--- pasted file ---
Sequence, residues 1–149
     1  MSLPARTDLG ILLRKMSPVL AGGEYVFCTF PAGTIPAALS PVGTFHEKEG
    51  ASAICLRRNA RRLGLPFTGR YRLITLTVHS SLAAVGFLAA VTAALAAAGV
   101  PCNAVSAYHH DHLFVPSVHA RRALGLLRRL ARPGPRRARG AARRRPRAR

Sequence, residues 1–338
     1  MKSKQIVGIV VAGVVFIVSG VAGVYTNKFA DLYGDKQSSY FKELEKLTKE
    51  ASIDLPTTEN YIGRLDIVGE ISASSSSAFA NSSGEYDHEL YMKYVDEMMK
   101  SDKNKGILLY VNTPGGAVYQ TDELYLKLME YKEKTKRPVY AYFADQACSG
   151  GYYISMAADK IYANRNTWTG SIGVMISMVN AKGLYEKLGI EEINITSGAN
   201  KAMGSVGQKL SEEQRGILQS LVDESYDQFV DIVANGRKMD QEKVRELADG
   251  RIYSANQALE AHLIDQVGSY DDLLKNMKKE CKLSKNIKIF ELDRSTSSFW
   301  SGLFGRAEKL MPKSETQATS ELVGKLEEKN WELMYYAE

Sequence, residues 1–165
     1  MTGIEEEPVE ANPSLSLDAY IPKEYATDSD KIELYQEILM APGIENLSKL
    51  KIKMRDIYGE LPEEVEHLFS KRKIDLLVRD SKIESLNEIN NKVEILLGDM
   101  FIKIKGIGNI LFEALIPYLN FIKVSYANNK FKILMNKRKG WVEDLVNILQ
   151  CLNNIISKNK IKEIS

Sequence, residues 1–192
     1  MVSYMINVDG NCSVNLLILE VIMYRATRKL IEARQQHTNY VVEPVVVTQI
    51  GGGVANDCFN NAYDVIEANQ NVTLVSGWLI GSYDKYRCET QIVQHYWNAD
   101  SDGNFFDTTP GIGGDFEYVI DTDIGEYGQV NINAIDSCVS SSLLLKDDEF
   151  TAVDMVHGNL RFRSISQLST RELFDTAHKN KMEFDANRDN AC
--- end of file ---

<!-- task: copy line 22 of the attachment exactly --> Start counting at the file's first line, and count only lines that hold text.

   151  TAVDMVHGNL RFRSISQLST RELFDTAHKN KMEFDANRDN AC